APOSTOLIC TRADITION

APOSTOLIC TRADITION. Preserved partially in Latin, Sahidic and Bohairic Coptic, Ethiopian and Arabic, and some fragments in Greek, from which the original text must be reconstructed, this church order has been widely regarded, starting from the beginning of the 20th c., as a work composed by Hippolytus. On that basis it has had a heavy influence on the 20th-c. liturgical reforms. After a brief preface, in which the author affirms that the purpose of the work is that of supporting the tradition in response to what the author perceived as the ignorance of those who were leading the churches, the document proceeds with the descriptions of the rules for the elections and the ordination of a bishop including the anaphora that the bishop might recite at his ordination, with prayers for the offering of other foods in addition to bread and wine, for the election and ordination of presbyters, deacons and other offices. Afterward, the rules for the rites of initiation are described, from the initial selection of the catechumens to the communion of the newly baptized. And last there is a collection of material that governs the various aspects of religious ministry, ritual meals, private prayer and study, and the provision and administration of a cemetery. The attribution of the work to Hippolytus has been rigorously questioned of late, and most recently Bradshaw and others, who, though recognizing the possibility of a nucleus in the work that dates back to 2nd-c. Rome, posit that the document was widely interpolated in the 4th c. Stewart-Sykes, however, building on the work of Brent, has reaffirmed the traditional attribution in a more nuanced way, suggesting that the redactional effort that the document appears to have undergone took place within the context of Hippolytus’s school. He maintains that an ancient Roman order, which contained instructions on baptism and ritual meals, was expanded with the addition at the beginning of directions on ordinations, with other interpolated material on prayer and instruction in the section pertaining to ritual meals, and that this text was further expanded when the school of Hippolytus united with other Roman Christian communities before the death of Pope Pontianus. In any case the work is living literature and should not be uncritically considered a description of the 3rd-c. Roman liturgy. If Brent and Stewart-Sykes are correct, however, it is nonetheless a vital document for understanding the emergence of the Roman episcopate in the late 2nd and early 3rd c., in that between the lines of the work the establishment of a monepiscopate may be recognized, with the consequent redefinition of the role of a presbyter from that of patronage to that of teaching under the authority of the bishop. At the same time, due to the use of an ancient Grundschrift, the work may be seen to contain liturgical information of an antiquity even greater than that imagined before. Editions: SC 11bis; B. Botte, La Tradition apostolique de saint Hippolyte: essai de reconstitution, M¼nster 1963. Studies: E. Jungklaus, Die Gemeinde Hippolyts, TU 46.2; Leipzig 1928; G. Horner, The Statutes of the Apostles, London 1904; H. Duensing, Der aethiopische Text der Kirchenordnung des Hippolyt, Gttingen 1946; W. Till – J. Leipoldt, Der koptische Text der Kirchenordnung Hippolyts, TU 58, Berlin 1954; J.M. Hanssens, La liturgie d’Hippolyte. Ses documents, son titulaire, ses origines et son caract¨re: OCA 155, Rome 1959; E. Tidner, Didascaliae apostolorum, canonum ecclesiasticorum, traditionis apostolicae versiones Latinae, TU 75, Berlin 1963; G. Dix H. Chadwick rev., The Treatise on the Apostolic Tradition of St. Hippolytus of Rome, Ridgefield, CT 1968; R. Tateo, Ippolito di Roma: Tradizione Apostolica, Rome 1972; P. Nautin, Patristique et histoire des dogmes: AEHE, Ve  sect. 86 1977-78 33-35; J. Magne, Tradition apostolique sur les charismes et Diataxeis des saints ap´tres, Paris 1975; E. Mazza, Omilie pasquali e Birkat ha-Mazon: fonti dell’Anafora di Ippolito?: EphLit 97 1983 409- 481; A. Stewart-Sykes, Hippolytus on the Apostolic Tradition: An English Version with Introduction and Commentary, Crestwood, NY 2001 bibl.; P.F. Bradshaw et al., The Apostolic Tradition: A Commentary, Minneapolis 2002 bibl..Tradition and traditions by Archimandrite Barnabas Lambropoulos … travelquaz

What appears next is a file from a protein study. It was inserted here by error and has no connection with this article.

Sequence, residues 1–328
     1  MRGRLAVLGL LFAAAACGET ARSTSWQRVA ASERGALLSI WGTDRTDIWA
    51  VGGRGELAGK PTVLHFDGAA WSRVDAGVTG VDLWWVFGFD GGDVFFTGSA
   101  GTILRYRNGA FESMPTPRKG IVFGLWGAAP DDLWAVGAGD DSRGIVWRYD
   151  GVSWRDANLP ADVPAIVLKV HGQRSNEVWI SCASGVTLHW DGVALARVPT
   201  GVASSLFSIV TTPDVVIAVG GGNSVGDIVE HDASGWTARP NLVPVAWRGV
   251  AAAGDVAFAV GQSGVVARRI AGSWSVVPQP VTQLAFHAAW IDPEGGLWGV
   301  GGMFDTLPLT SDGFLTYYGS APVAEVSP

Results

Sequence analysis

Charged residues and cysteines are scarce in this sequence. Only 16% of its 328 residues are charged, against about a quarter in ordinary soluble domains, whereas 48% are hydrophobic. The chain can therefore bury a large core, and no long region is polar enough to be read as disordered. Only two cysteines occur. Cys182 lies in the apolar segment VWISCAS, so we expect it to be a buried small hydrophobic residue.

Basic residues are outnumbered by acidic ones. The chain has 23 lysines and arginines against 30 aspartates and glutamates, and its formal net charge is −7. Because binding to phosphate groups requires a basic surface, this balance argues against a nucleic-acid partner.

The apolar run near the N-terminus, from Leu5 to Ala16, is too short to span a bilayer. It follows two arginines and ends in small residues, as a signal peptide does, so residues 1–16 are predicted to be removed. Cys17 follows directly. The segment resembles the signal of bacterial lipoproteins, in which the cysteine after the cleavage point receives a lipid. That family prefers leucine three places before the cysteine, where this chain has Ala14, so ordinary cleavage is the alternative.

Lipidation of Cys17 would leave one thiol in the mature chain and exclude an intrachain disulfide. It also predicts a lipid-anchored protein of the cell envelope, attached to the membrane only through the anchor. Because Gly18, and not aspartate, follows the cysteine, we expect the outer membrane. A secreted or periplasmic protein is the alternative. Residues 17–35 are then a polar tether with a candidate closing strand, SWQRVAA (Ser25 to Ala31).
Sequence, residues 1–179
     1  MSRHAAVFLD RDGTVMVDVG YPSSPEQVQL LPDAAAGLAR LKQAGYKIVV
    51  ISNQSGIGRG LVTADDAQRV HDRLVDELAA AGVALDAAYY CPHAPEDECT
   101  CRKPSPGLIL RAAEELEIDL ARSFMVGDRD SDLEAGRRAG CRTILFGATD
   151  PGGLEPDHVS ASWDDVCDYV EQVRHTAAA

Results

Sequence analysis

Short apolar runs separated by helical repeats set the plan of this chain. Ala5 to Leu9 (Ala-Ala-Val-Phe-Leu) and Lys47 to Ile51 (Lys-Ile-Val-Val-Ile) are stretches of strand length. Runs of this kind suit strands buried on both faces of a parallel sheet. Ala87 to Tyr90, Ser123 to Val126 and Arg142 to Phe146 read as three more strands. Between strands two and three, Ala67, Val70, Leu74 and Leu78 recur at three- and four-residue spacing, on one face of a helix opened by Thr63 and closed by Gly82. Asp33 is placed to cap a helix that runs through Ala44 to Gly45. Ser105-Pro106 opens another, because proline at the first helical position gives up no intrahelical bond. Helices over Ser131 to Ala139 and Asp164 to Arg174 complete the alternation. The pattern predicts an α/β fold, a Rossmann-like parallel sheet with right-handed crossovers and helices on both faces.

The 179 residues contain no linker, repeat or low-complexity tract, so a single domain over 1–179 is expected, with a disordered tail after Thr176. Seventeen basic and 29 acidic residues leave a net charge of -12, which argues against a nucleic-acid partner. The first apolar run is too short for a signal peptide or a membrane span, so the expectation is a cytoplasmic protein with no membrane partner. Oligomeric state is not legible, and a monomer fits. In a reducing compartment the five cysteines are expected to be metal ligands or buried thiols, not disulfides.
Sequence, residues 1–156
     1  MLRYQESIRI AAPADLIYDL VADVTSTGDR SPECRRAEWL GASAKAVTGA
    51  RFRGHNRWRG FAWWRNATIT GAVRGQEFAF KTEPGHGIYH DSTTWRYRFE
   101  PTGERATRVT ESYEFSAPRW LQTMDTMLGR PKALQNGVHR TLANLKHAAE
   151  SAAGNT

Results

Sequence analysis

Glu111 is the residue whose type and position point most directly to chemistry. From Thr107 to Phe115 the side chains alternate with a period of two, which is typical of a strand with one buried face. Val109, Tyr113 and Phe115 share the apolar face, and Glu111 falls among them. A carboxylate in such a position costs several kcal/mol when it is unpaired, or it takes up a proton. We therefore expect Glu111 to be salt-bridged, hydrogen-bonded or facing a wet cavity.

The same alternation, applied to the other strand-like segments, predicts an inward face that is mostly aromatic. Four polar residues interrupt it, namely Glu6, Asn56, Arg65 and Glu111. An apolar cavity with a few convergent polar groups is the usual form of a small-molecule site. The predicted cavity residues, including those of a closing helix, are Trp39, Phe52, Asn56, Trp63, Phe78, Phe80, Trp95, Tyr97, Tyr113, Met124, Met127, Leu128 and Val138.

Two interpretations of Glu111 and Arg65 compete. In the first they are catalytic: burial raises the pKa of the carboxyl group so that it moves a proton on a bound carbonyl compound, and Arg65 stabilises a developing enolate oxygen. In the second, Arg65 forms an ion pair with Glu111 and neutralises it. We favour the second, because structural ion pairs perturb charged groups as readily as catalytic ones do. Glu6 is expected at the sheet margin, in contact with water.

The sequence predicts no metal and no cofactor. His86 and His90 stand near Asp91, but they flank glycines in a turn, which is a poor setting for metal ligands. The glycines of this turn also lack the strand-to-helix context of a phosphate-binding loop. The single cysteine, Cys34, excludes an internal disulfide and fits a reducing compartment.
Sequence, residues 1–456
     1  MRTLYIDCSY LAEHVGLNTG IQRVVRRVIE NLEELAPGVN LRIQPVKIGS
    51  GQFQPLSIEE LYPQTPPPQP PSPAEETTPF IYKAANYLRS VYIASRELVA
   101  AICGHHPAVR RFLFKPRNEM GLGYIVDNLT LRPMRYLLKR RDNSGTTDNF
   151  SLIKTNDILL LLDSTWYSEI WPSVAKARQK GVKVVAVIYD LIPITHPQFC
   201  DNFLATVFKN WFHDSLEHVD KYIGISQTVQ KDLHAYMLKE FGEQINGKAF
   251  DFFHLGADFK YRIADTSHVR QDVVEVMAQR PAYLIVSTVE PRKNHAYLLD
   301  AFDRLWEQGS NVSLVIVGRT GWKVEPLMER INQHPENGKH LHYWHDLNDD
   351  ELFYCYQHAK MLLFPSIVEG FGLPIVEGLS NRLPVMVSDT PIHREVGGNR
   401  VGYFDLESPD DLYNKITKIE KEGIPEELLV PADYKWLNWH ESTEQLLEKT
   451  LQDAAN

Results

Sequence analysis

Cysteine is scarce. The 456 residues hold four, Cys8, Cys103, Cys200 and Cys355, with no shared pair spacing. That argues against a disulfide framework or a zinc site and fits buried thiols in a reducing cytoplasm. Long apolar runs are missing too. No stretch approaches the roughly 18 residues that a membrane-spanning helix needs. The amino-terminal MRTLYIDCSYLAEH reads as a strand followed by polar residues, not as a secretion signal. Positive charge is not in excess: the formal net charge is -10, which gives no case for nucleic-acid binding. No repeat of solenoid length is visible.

APOSTOLIC TRADITION Photo Gallery




APOSTOLIC TRADITION

Why Apostolic Tradition Matters – 2 – St. Barnabas Orthodox Church travelquaz

APOSTOLIC TRADITION

Sacred Tradition (Apostolic Tradition) in the Bible & Early Church … travelquaz

APOSTOLIC TRADITION

Pharsea: Old and New. travelquaz

APOSTOLIC TRADITION

Maybe You Like Them Too

Leave a Reply

− 3 = 2